Why persevere, especially if the relationship quality is not great and your partner appears to be a primary source of the drama which is making the relationship not so great? It boils down to compatibility being rare, and sometimes, it’s more viable to improve your relationship skills than face the disruption of family, potentially causing significant distress to your children.

If you commit to improving your relationship skills and prioritize creating joyful and connected family moments, you might see a gradual increase in your fun-to-drama ratio. All the while, you remain fully present in your children’s lives.

However, if you’ve identified fundamental incompatibilities by answering “no” to the questions, then Step 5 awaits.

Step 5: Assess Staying Together for the Children?

Having recognized that you’re not the one adding to drama and disconnect in the relationship and acknowledging incompatibilities exist between you two, it’s time to ask yourself these four questions:

1.     Are you open to addressing any remaining incompatibilities, which might require you to let go of deep-seated expectations – for the sake of your children?

2.     Do you possess the endurance to deal with the inevitable drama without holding on to counterproductive, past conflict – again for the sake of your children?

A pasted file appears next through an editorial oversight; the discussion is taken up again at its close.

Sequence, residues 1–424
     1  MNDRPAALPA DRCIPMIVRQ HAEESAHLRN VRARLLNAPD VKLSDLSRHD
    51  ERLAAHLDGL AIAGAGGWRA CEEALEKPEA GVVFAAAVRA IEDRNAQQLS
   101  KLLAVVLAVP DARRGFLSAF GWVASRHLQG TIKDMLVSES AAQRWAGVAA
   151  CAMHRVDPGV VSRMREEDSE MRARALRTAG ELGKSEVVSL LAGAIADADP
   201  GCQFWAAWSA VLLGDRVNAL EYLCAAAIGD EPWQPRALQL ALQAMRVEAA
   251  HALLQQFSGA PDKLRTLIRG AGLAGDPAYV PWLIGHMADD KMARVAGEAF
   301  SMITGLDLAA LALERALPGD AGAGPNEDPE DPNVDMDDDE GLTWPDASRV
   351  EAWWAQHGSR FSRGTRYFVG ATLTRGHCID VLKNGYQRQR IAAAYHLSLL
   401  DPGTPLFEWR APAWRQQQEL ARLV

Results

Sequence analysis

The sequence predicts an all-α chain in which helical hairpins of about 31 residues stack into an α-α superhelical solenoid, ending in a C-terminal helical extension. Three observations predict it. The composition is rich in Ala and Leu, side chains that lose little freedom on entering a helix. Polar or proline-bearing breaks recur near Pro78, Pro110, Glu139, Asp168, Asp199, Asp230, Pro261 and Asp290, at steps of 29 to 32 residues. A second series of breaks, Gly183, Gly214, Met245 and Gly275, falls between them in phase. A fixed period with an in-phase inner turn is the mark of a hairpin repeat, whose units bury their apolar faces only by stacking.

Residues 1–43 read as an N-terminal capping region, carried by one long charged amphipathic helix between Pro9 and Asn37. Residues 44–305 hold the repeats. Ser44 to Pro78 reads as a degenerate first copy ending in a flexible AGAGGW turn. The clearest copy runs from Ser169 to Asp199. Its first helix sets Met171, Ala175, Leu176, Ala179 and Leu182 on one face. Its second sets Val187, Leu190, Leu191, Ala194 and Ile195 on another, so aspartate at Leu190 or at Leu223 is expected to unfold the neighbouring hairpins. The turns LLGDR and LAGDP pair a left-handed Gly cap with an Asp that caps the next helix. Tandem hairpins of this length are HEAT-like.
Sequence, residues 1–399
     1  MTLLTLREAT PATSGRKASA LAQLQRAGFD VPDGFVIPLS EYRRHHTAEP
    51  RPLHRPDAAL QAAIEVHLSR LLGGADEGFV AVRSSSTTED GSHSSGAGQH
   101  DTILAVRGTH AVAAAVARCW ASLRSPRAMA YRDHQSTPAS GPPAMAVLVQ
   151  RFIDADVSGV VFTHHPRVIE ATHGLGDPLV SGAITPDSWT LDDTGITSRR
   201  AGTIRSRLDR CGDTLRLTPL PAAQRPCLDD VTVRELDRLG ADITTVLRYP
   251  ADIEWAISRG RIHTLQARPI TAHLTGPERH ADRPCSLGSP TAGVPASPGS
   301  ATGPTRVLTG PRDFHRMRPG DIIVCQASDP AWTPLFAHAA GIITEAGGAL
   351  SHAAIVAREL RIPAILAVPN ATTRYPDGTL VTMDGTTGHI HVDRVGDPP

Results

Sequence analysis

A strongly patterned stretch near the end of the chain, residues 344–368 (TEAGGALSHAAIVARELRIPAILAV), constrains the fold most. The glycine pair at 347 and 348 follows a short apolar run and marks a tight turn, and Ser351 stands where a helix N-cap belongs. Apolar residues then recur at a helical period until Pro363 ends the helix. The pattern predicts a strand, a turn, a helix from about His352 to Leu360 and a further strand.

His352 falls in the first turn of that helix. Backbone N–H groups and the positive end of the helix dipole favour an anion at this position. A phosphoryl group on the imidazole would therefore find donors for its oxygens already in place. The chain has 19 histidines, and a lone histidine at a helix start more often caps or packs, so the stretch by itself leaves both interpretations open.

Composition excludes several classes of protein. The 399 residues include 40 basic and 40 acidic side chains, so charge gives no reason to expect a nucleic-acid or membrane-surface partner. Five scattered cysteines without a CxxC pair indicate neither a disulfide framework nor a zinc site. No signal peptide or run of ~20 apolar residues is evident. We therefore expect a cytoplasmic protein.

3.     Will you seek out and initiate moments of fun and connection with your family, even when you feel disconnected in the moment? 

4.     Can you cherish the limited time you have available with your children, fully grasping that childhood is brief and your influence is pivotal to your children’s well-being?

If you can answer ‘yes’ to these four questions, then your best path to take may very well be to stay in your relationship and persevere, if for no other reason to not put your children through the trauma of witnessing their parents breaking up. 

In this case, consider engaging with a therapist to support your commitment to this relationship journey.

If your answer is ‘no’ to all four of these questions, then separating may be the more appropriate path to take, ideally only after all other options like therapy have been explored and you genuinely believe that it’s in your children’s best interest for you and their mother to part ways. At this critical point, reflect on the insights from Episode 7: ‘Think Thrice if Children Are Involved,’ as the decision to dissolve a family is obviously huge and life-altering for all involved.

An additional perspective I share with my married friends contemplating divorce: Regardless of how much drama you have with partner, she uniquely remains the mother of your children. Separating means significantly reducing the time you spend with your children and potentially inflicting deep emotional distress on them. Truly consider if this is the outcome you are prepared to face.

One last concluding reflection: Opting to remain in a relationship should be accompanied by an ongoing effort to enhance your relational skills. Such commitment signifies a pursuit of excellence in partnership. As you improve these skills, both your romantic and family life are apt to become increasingly fulfilling and rewarding.